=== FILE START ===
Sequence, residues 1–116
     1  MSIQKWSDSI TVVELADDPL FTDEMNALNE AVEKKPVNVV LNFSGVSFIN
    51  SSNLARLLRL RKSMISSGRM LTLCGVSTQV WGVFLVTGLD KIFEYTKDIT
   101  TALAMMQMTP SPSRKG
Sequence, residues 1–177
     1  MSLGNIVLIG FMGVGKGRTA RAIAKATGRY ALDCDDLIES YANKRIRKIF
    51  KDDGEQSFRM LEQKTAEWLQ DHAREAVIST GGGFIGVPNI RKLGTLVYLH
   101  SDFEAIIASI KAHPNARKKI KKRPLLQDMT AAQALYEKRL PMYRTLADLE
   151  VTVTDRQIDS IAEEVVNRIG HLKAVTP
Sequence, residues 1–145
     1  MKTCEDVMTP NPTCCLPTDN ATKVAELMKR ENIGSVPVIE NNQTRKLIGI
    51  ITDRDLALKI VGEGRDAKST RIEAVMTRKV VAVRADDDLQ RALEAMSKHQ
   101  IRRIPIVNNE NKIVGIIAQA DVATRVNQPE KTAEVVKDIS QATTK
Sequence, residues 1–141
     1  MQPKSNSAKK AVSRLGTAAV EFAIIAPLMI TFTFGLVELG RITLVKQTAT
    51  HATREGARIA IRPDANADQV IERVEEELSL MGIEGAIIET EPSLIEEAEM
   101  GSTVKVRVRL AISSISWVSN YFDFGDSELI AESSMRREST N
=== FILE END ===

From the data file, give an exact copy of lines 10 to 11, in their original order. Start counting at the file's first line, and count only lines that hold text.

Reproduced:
Sequence, residues 1–145
     1  MKTCEDVMTP NPTCCLPTDN ATKVAELMKR ENIGSVPVIE NNQTRKLIGI